|The Thames Barrier (1984 - present)|
|London's flood defence|
|The Thames Barrier. © NMM|
The Thames Barrier is a unique structure built to protect London against flooding caused by tidal surges from the North Sea.
It is the world's largest movable flood barrier, spanning 520 metres (a third of a mile) across the Thames at Woolwich Reach.
|Ship passing through the Thames Barrier. © NMM|
|Tilbury under water in 1953. © NMM|
On 31 January 1953 Britain and the Netherlands suffered one of the worst floods in their history. Huge waves battered the east coast, and a devastating tidal surge rushed up the Thames, with sea levels 3 metres above normal in some places.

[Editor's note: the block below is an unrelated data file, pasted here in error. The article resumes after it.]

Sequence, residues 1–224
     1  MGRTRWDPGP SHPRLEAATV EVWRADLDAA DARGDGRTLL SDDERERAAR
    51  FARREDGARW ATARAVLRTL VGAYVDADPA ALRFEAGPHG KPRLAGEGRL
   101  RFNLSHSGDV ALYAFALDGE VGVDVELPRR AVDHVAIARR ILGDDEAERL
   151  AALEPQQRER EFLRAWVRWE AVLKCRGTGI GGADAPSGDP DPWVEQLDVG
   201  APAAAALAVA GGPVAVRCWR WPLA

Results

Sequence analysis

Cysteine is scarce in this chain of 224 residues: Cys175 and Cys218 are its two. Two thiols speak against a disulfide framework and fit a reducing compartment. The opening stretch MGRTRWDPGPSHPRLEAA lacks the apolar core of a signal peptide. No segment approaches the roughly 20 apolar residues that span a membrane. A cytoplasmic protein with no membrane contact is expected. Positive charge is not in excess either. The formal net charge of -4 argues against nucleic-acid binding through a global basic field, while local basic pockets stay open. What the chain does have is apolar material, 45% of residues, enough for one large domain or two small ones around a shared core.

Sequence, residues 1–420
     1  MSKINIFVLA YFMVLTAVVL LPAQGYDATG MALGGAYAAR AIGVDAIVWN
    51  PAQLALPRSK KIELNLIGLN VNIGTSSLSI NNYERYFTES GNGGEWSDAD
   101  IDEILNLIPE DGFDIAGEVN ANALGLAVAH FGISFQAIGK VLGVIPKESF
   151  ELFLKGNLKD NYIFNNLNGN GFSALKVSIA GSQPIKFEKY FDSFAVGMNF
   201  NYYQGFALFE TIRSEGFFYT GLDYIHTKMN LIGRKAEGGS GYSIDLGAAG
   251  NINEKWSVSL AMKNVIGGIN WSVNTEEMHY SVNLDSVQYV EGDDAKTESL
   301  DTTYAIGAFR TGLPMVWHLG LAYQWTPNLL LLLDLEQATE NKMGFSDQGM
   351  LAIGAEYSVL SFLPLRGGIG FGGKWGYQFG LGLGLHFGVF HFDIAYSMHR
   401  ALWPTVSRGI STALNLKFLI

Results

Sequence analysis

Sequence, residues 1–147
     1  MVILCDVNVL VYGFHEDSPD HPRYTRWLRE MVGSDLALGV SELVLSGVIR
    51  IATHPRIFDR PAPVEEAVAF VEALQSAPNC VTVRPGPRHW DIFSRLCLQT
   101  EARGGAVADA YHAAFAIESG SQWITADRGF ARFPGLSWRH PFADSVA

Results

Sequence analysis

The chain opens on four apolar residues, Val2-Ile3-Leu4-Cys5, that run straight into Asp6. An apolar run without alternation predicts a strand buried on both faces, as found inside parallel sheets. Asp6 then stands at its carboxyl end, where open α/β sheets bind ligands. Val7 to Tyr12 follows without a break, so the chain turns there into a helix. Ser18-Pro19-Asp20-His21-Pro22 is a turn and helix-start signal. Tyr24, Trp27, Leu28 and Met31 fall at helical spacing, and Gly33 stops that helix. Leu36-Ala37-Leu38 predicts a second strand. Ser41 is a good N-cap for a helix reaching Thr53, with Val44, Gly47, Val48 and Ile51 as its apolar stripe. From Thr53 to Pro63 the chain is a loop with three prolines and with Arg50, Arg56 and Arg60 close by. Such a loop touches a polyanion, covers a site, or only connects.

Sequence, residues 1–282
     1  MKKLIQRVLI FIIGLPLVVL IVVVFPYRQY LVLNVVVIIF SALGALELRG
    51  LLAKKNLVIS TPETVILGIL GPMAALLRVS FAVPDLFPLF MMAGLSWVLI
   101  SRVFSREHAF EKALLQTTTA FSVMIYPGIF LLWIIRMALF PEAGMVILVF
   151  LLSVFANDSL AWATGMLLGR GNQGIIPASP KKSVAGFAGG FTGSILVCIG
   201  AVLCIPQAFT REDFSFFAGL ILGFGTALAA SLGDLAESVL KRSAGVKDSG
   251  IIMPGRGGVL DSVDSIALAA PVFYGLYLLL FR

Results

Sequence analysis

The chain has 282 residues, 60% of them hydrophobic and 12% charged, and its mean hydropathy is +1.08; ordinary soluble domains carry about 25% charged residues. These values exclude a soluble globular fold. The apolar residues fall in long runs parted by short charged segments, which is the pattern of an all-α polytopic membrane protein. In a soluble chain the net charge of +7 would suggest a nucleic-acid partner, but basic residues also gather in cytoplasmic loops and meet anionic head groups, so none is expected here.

London was very fortunate to escape the worst of the flooding. The Thames and the Lea burst their banks and damaged more than 1100 houses in Silvertown and Canning Town, but the floods did not reach central London. Although London escaped disaster in 1953, the floods showed just how vulnerable the city could be.
|One of the many failed proposals for a Thames Barrier. © NMM|
After the floods, an enquiry was set up to work out ways of protecting London in the future. As the old system of embankments was clearly no longer adequate, the enquiry recommended the construction of a flood barrier across the Thames.
|1950s||The port is in its heyday and the river still carried heavy traffic|
|31 January 1953||One of the worst floods in British history causes the Thames to burst its banks. An enquiry was set up to work out ways of protecting London in the future.|
|1960s||It seemed clear that a barrier with movable gates was the way forward|
|1972||Approval was finally given for a barrier at Woolwich|
|1975||Work began to build the Thames Barrier|
|October 1982||The Thames Barrier became operational|
|May 1984||The Thames Barrier was officially opened by the Queen|